The earmarks of bad science are surreptitious in fabric, not easily discerned by media and the public at large. Sadly, as well they are not often easily discerned by scientists themselves. This is why we have ethical skepticism. It’s purpose is not simply to examine ‘extraordinary claims’, but also to examine those claims which masquerade, hidden in plain sight, as if constituting ordinary boring old ‘settled science’.
Science is a strategy, not a tactic. Beware of those who wear the costume of the tactic, as a pretense of its strategy.
When you do not want the answer to be known, or you desire a specific answer because of social pressure surrounding an issue, or you are tired of irrational hordes babbling some nonsense about your product ‘harming their family members’ *boo-hoo 😢. Maybe you want to tout the life extending benefits of drinking alcohol, show how vaccines do not make profits, demonstrate very quickly a pesticide as safe or over-inflate death rates so that you can blame it on people you hate politically – or maybe you are just plain ol’ weary of the burdensome pain-in-the-ass attributes of real science. Wherever your Procrustean aspiration may reside, this is the set of guidebook best practices for you and your science organization. Trendy and proven techniques which will allow your organization to get science back on your side, at a fraction of the cost and in a fraction of the time. 👍
We have managed to transfer religious belief into gullibility for whatever can masquerade as science.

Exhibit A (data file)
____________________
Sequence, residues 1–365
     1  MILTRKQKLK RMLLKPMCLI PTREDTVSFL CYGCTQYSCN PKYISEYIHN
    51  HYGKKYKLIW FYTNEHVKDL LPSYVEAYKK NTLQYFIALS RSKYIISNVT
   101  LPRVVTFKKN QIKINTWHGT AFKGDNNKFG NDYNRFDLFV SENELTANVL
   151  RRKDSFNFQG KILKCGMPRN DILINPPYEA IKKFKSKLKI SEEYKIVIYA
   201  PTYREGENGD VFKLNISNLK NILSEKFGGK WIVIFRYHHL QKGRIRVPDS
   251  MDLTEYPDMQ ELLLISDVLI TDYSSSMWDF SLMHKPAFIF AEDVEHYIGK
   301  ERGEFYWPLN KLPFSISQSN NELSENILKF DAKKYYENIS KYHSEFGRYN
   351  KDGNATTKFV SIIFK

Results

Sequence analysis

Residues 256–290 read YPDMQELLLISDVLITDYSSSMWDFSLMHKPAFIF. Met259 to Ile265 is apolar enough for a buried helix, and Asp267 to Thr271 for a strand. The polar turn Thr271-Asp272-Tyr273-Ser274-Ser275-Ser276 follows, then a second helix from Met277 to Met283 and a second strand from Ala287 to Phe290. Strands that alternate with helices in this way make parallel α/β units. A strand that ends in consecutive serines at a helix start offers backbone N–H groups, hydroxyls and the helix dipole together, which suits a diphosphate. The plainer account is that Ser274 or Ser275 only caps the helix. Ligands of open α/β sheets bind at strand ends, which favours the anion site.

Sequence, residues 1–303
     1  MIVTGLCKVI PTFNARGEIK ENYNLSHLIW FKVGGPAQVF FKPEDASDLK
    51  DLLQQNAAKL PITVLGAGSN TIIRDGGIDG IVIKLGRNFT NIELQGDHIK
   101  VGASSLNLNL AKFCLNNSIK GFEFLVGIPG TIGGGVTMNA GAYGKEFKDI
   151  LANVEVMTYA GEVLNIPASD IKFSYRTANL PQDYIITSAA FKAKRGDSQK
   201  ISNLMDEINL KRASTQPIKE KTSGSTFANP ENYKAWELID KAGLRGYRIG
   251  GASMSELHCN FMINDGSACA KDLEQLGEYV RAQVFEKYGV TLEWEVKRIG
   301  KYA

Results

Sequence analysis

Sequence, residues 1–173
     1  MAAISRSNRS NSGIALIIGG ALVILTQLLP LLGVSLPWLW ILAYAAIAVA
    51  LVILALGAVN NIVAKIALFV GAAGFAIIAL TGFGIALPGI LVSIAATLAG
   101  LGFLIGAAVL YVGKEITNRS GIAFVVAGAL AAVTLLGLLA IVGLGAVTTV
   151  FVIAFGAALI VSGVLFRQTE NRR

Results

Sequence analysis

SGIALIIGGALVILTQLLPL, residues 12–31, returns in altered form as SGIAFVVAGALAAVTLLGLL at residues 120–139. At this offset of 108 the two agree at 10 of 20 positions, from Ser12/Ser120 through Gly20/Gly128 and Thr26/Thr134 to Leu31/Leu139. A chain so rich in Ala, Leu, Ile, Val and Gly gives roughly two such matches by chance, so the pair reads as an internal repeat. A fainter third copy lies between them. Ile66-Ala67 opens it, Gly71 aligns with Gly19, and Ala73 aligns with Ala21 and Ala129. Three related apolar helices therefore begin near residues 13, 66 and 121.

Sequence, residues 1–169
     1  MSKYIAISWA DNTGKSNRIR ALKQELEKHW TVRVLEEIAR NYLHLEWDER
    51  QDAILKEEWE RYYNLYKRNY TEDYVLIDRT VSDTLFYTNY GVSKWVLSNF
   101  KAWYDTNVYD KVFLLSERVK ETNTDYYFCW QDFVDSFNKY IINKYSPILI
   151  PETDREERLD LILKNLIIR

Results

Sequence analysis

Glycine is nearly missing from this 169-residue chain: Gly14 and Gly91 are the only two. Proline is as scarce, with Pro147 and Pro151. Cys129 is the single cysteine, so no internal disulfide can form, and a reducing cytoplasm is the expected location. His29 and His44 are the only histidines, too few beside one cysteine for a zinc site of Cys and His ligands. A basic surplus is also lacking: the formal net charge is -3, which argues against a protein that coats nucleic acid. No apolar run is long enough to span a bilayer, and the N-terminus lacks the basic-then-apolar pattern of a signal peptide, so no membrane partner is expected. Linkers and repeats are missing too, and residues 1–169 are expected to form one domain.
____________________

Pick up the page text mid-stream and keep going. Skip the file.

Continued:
~ Nassim Nicholas Taleb, Antifragile
When you have become indignant and up to your rational limit over privileged anti-science conspiracy theorists questioning your virtuous authority and endangering your industry profits, well then it is high time to undertake the following procedure of virtuous activism. Crank up your science communicators, your skeptics, your critical thinkers and notify them to be at the ready …ready to cut-and-paste plagiarize a whole new set of journalistic propaganda, ‘cuz here comes The Lyintific Method!
The Lyintific Method
- Concoct the claim your club wants to be true
- Fund universities and direct syndicates/agencies to buy into it
- Whip up some mildly suggestive p-values fed into a cursory intern-run ‘meta-study’
- Cite the claim as ‘the science’ loudly and repeatedly
- Threaten the careers of any professionals who dissent
- Direct social media to censor and harass dissenters as ‘conspiracy theorists’
- Claim consensus and that the ‘science is settled’
The Ten Commandments of Fake Science
1. Select for Intimidation. Appoint an employee who is under financial or career duress, to create a company formed solely to conduct this study under an appearance of impartiality, to then go back and live again comfortably in their career or retirement. Hand them the problem definition, approach, study methodology and scope. Use lots of Bradley Effect vulnerable interns (as data scientists) and persons trying to gain career exposure and impress. Visibly assail any dissent as being ‘anti-science’, the study lead will quickly grasp the implicit study goal – they will execute all this without question. Demonstrably censure or publicly berate a scientist who dissented on a previous study – allow the entire organization/world to see this. Make him become the hate-symbol for your a priori cause.